Your First Kotlin Android App: An App From Scratch

Jul 5 2022 · Kotlin 1.6, Android 12, Android Studio Bumblebee | 2021.1.1

Part 1: Get Started with Android Development

03. Challenge: Plan the App

Episode complete

Play next episode

About this episode

Leave a rating/review

See forum comments
Cinema mode Mark complete Download course materials
Previous episode: 02. Learn About Kotlin & Android Next episode: 04. Setup a Project in Android Studio
Transcript: 03. Challenge: Plan the App

I know what you might be thinking right now…you just started the course and I’m already giving you a challenge, right? Well not to worry this is just a thought challenge.

In this course, we’re going to be building a simple game called Bullseye. The game gives the player a random target value to aim for from 1 to 100. The closer the player moves the slider to the target value, the higher the point the player gets. And the player’s score is dispalyed on a popup dialog.

Your challenge for this episode is to take a look at the screenshot of the app and think of the steps needed to build this game. You could do this on a piece of paper so there’s really no need for big tech.

While doing this, split your list into two parts: “Must haves” and “Nice to Haves”

The must haves list should have the bare minimum functionality in order to ship the app. This is called a Minimum Viable Product or MVP for shorth. The features on this list should have everything to make the game playable.

While the second list the “Nice to Haves” should contain things like styling, extra cool features like the ability to play multiple rounds or restart the game.

And the advantage of this exercise to teach you how to think of solving a problem by first figuring out what you want to do before thinking of how you want to do it.

Alright!!! Go ahead and make a list of steps you’ll take to build this game. Goodluck.

How did your todo list turn out?

Now, before you say your list is right or wrong. There’s really no ultimate correct answer to this. People do stuff differently and that’s okay as long as you achieve the intended goal. So, as long as you come up with a plan then that’s fine.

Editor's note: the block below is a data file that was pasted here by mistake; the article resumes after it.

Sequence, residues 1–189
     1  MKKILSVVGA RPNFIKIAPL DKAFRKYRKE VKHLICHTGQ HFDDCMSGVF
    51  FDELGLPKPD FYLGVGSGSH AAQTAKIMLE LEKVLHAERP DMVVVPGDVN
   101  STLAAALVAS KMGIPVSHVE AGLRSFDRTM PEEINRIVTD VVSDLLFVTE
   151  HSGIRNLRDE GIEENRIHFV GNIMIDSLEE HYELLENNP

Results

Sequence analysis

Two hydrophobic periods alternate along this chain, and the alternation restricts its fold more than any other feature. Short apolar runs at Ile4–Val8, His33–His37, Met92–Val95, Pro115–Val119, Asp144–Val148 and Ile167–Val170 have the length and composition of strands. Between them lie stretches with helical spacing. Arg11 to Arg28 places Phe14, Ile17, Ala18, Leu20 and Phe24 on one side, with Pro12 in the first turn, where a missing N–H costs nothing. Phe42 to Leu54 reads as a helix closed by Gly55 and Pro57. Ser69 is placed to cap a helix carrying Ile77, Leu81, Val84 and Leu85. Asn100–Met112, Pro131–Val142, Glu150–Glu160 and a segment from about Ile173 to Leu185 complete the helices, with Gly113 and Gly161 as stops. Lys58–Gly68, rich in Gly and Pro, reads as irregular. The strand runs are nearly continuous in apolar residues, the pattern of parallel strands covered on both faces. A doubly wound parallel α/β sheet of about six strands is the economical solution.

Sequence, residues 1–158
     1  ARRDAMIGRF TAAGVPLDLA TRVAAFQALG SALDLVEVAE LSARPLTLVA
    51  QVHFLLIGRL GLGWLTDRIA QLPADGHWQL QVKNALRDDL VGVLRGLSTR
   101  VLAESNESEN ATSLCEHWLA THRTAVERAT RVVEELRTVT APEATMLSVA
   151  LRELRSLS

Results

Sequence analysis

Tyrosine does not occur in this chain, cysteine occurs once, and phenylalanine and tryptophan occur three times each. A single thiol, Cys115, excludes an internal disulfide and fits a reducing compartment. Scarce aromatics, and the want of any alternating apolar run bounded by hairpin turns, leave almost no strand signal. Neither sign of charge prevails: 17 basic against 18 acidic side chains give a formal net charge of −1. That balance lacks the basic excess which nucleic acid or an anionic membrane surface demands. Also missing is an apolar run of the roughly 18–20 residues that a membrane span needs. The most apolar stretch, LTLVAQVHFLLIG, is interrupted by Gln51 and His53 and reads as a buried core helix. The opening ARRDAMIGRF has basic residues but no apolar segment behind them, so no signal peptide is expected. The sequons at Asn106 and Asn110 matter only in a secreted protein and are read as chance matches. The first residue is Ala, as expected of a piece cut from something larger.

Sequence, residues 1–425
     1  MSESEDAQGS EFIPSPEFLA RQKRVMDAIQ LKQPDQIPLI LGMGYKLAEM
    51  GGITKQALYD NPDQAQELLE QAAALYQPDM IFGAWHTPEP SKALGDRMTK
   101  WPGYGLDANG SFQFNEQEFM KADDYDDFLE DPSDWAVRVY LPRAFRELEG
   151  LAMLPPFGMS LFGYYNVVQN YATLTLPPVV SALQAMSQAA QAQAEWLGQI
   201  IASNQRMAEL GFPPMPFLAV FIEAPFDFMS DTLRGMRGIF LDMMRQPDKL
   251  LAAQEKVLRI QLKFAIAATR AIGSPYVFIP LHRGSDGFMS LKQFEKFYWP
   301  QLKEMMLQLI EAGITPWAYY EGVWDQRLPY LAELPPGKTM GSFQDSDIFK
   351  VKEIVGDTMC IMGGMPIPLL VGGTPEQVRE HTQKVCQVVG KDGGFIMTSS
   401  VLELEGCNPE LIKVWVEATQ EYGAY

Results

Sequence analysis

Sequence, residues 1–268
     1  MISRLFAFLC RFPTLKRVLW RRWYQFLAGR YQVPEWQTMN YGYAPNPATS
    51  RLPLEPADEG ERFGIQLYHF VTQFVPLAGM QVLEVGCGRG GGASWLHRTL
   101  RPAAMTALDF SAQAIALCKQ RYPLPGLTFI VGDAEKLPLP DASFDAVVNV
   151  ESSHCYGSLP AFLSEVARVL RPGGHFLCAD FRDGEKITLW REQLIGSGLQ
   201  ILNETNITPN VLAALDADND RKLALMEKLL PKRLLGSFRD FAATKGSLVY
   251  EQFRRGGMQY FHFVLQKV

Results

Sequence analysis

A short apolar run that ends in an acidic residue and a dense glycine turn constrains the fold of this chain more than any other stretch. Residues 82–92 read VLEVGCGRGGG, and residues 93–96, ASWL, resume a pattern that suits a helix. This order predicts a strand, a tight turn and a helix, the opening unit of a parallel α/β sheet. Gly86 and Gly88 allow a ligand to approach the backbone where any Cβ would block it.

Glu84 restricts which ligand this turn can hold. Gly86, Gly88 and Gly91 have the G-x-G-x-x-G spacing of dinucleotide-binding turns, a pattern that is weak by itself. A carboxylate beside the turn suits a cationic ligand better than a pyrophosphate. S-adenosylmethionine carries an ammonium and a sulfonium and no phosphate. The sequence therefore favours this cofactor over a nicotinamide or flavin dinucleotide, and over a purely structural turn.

For my programming todo list, I took the task of creating the game and then I cut it into small chunks. Breaking programming tasks into smaller chunks or tasks helps tackle problems better because it helps you find a clearer path to solve a problem.

Okay, here’s what my programming todo list looks like:

  • Add an instruction label
  • Add a target label
  • Add a slider and make it go between the values 1 and 100
  • Add a “Hit me” Button
  • Make the Target Text Bigger


  • Show a popup when the player taps the “Hit Me” Button
  • Read the value of the slider after the player taps the “Hit Me” button
  • Generate a random number for the target value, and
  • Calculate and display the score

If we finish the items on this list then we can have a Minimum Viable Product popularly known as a MVP. It may not be pretty like an app you’ll get on Play store but at least you can play the game. We will check off the items in this todo list in this course.

To take the app from an MVP to a polished app, here’s what my “Nice to Haves” list looks like:

  • Implement multiple rounds
  • Implement restarting the game
  • Make the app look pretty, and
  • Add an About screen

This nice to haves list will be implemented in the follow up course, Your First Kotlin Android App: Polish the App. Now we have a plan for what we’re going to be doing, its time to setup a project in android studio.